Yes, there are kangaroos – in fact, Kangaroo Island even has its own subspecies of roo. But there are plenty of other furry and feathered critters to marvel at. Free of mainland predators, animals flourish on the island, resulting in a Noah’s Ark that includes tammar wallabies, echidnas, brushtail possums, sea lions, bottlenose dolphins, Australian and New Zealand fur seals and some 260 seabirds.
You can observe these locals via a guided tour from the comfort of a luxury 4WD, which will transport you to the island’s best wildlife-spotting sites – from the dense forest of Flinders Chase to Admirals Arch, where you can coo over the colony of New Zealand fur seals, and Seal Bay Conservation Park, home to Australia’s third-largest colony of sea lions. See: Wilderness Tours; 08 8559 5033.
Family: swim with dolphins
The island’s underwater world is every bit as awe-inspiring as its life on land, and your family will never forget the thrill of swimming with dolphins – the ocean’s friendliest creatures. Suited to young marine lovers and adventurous kids, Kangaroo Island Marine Adventures’ (08 8553 3227) boat chugs from its HQ in Kingscote to the island’s most remote beaches, where you can experience a face-to-face frolic with pods of inquisitive and remarkably friendly bottlenose and common dolphins in their natural habitat.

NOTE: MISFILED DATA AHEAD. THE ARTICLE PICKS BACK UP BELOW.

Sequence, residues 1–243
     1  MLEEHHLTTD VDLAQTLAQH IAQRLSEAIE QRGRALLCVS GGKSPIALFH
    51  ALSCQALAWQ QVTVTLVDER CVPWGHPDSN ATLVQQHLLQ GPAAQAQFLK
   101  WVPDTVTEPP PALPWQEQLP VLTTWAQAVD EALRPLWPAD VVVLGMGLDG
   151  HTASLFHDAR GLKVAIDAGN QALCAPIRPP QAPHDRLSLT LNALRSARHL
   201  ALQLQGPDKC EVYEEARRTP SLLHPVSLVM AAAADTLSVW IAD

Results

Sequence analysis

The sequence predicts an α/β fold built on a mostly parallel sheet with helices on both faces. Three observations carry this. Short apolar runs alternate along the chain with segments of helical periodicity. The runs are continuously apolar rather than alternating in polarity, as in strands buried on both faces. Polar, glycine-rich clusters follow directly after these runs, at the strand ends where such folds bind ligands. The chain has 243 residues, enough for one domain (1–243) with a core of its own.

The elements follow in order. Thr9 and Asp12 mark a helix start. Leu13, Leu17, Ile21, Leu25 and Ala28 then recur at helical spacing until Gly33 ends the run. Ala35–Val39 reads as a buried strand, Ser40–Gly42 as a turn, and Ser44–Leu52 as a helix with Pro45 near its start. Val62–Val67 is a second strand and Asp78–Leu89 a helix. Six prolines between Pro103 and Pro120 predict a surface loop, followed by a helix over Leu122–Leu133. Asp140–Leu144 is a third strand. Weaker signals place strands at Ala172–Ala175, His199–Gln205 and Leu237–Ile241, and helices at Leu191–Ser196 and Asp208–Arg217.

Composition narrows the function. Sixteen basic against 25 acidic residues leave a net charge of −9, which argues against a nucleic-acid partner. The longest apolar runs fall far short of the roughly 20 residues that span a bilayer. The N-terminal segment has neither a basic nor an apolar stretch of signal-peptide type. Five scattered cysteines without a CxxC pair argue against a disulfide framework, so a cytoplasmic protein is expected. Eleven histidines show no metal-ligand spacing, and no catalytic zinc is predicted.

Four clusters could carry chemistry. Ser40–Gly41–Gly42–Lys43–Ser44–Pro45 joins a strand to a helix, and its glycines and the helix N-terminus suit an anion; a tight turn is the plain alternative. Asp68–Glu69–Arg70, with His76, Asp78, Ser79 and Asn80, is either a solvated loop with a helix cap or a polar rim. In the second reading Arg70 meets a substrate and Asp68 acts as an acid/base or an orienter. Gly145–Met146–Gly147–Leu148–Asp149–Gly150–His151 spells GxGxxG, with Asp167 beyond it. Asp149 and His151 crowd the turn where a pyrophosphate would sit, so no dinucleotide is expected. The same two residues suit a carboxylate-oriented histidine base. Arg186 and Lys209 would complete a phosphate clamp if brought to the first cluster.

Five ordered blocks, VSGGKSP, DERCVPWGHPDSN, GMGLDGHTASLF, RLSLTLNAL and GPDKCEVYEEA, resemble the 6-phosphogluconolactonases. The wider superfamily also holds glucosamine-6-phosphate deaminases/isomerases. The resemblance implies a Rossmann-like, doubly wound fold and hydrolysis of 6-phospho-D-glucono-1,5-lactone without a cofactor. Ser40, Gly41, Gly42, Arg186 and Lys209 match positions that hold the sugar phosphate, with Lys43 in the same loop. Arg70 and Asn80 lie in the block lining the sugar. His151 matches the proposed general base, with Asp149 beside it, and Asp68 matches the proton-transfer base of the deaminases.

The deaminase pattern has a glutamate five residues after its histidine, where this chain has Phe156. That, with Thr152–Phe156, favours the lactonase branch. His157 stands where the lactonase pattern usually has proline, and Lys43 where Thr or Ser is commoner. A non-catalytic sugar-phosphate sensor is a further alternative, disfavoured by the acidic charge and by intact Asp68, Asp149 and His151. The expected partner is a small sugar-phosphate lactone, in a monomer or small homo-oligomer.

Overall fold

All interactions take place in shallow water and under strict guidelines from the Marine Mammal Interaction Policy. Bring an underwater camera for plenty of mind-blowing snaps of the fascinating underwater creatures and plants you encounter on this fantastic adventure tour.
Explore: an island odyssey
The Remarkable Rocks, a natural “modern art” masterpiece sculpted by wild winds live up to their name, balancing dramatically above the turbulent surf of the Southern Ocean. Join a guided 4WD expedition to experience the island’s other marvels, strolling among the tranquil bushland of Flinders Chase National Park, watching New Zealand fur seals in their colony at Cape du Couedic, climbing Prospect Hill to enjoy the views and even joining a park ranger on a tour of the historic Cape Willoughby lighthouse. See: KI Odysseys; 08 8553 0386.
Getting there: Flights to Kangaroo Island depart Adelaide daily and take around 30 minutes, while ferries from Cape Jervis take less than an hour. Hire vehicles from the airport, Kingscote or Penneshaw, or bring your own car across on the ferry.
Eating there: Foodies flock to the annual FEASTival; the rest of the year you can find artisan producers, cellar doors and boutique wineries, many with on-site restaurants. In Penneshaw and Kingscote, there’s a smattering of casual cafes, general stores and some of the best fish and chips in the country.
Staying there: From camp sites, lighthouse keeper’s cottages and self-contained beach houses, you can go rustic or splash out in five-star style on Kangaroo Island. Penneshaw, Kingscote and Parndana are the main townships with general stores and restaurants. Check out the options at tourkangarooisland.com.au